Jeff Jarvis: No silver bullets

Silver Bullet

Jeff Jarvis: The key to a successful Internet publishing business is to: “shift to a business based on known relationships with people as individuals and communities rather than as a mass.”

He also notes that the problem with Forbes of late has been its mix of professional journalism (good), and advertorial and anyone-can-write-anything-on-our-site content. If you click a Forbes link, you never know whether you’re getting a good article or schlock.

Journalists don’t pay enough attention to business. Creative people in general don’t. If you don’t understand business, you’re not set up to succeed in the long term. I dislike hearing creative people on the Internet apologize for taking money. You don’t hear that in restaurants.

No silver bullets

How Paperbacks Transformed the Way Americans Read


How Paperbacks Transformed the Way Americans Read

Starting in 1939, paperback publishers revolutionized publishing. They slashed costs by ramping up volume, selling in bus stations and newsstands. And they splashed covers with bold, sometimes lurid art.

If paperbacks were going to succeed in America, they would need a new model. [Pocket Books publisher Robert] De Graff, for his part, was well acquainted with the economics of books. He knew that printing costs were high because volumes were low—an average hardcover print run of 10,000 might cost 40 cents per copy. With only 500 bookstores in the U.S., most located in major cities, low demand was baked into the equation.

In the U.K., things were different. There, four years prior, Penguin Books founder Allen Lane had started publishing popular titles with paper bindings and distributed them in train stations and department stores. In his first year of operation, Lane sold more than three million “mass-market” paperbacks.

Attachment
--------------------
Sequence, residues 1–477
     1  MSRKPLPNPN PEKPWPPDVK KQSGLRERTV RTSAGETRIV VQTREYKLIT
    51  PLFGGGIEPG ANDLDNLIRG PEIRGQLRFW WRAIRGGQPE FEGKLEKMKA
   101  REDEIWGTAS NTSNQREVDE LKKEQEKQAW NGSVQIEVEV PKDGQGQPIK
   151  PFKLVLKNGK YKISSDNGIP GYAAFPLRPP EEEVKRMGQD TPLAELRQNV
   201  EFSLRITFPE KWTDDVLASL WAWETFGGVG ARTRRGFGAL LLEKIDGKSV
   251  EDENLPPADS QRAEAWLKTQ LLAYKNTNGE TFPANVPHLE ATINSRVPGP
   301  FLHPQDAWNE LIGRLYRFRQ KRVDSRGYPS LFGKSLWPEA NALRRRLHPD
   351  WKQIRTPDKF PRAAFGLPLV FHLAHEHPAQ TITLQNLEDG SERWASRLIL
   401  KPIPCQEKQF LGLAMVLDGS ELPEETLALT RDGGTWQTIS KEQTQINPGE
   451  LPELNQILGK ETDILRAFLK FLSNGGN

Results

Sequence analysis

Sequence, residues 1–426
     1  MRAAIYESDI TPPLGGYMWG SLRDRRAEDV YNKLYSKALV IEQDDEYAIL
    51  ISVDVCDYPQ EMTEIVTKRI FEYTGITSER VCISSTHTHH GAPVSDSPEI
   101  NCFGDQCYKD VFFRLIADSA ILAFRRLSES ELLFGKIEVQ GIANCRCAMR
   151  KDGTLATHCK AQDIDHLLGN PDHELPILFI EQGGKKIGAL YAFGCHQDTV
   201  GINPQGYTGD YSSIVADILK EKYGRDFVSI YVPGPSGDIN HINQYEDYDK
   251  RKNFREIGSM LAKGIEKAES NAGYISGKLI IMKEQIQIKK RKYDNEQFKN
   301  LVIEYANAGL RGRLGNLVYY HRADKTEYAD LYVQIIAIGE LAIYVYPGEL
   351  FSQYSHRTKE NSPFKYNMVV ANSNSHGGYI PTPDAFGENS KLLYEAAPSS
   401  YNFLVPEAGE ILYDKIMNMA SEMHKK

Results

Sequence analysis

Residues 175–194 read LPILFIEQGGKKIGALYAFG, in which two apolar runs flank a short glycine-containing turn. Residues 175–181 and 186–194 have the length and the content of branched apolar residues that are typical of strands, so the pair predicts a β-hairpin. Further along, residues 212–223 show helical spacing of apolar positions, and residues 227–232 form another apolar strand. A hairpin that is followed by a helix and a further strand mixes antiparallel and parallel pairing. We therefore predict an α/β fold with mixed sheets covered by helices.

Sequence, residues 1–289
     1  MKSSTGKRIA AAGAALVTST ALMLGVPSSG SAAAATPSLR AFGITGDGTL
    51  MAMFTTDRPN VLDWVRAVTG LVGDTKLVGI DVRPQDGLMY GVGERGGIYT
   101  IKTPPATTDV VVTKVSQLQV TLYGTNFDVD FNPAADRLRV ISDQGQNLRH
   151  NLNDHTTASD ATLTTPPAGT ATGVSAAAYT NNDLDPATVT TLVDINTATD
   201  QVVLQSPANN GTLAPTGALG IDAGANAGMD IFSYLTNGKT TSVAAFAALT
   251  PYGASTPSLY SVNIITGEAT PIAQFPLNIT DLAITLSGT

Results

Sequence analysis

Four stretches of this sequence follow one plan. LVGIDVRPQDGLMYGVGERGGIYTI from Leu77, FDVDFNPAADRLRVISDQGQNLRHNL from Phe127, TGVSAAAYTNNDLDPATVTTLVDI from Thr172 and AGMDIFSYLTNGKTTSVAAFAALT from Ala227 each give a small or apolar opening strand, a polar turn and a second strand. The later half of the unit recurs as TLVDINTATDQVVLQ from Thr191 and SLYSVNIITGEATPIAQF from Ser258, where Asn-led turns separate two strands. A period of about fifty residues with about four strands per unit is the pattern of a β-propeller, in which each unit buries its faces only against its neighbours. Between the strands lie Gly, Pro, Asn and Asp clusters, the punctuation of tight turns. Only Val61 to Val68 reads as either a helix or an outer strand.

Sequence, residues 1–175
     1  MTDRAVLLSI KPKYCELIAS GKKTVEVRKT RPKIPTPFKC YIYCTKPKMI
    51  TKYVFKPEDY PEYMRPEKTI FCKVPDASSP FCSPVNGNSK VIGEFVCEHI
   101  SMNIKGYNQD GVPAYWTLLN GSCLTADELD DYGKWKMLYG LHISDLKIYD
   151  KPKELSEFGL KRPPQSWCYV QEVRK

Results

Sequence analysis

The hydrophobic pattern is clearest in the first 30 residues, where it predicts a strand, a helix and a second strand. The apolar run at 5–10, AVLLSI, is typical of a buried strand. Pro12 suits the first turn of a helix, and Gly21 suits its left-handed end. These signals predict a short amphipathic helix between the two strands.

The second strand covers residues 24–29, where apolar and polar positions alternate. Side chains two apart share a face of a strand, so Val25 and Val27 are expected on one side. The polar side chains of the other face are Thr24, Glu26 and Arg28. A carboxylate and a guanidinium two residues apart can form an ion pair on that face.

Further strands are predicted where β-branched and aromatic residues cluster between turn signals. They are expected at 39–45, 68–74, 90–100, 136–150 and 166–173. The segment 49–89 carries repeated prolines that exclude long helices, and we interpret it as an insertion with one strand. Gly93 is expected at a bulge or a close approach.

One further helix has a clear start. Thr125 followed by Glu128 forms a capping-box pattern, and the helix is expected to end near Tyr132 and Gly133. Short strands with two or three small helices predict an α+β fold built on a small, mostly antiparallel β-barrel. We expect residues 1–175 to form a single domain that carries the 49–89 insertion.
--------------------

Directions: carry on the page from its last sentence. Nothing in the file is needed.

Quantity was key. De Graff knew that if he could print 100,000 paperbound books, production costs would plummet to 10 cents per copy. But it would be impossible for Pocket Books to turn a profit if it couldn’t reach hundreds of thousands of readers. And that would never happen as long as de Graff relied solely on bookstores for distribution. So de Graff devised a plan to get his books into places where books weren’t traditionally sold. His twist? Using magazine distributors to place Pocket Books in newsstands, subway stations, drugstores, and other outlets to reach the underserved suburban and rural populace. But if Pocket Books were going to sell, they couldn’t just stick to the highbrow. De Graff avoided the stately, color-coded covers of European paperbacks, which lacked graphics other than the publishers’ logos, and splashed colorful, eye-catching drawings on his books.

“The general intention of our covers is to attract Americans, who, more elementary than the Britishers, are schooled from infancy to disdain even the best product unless it is smoothly packaged and merchandised,” Penguin’s Victor Weybright said.

Pocket Books pioneered the business, but soon faced competition, including hardcover publisher Random House, which became eager to get into the business when Graff tried to talk them out of it. Random House president Bennett Cerf said, “When Bob came as a ‘friend’ to give us a talk about why we shouldn’t go into the business, we figured it must be a damned good idea.” Random House was one of the investors in Bantam Books.

This is all echoed in ebooks and indy publishing today, of course. Even after paperbacks became popular, it took years for them to lose their stigma of disreputability. And in a warning to those expecting an overnight revolution from ebooks – paperbacks took 21 years to outsell hardcovers.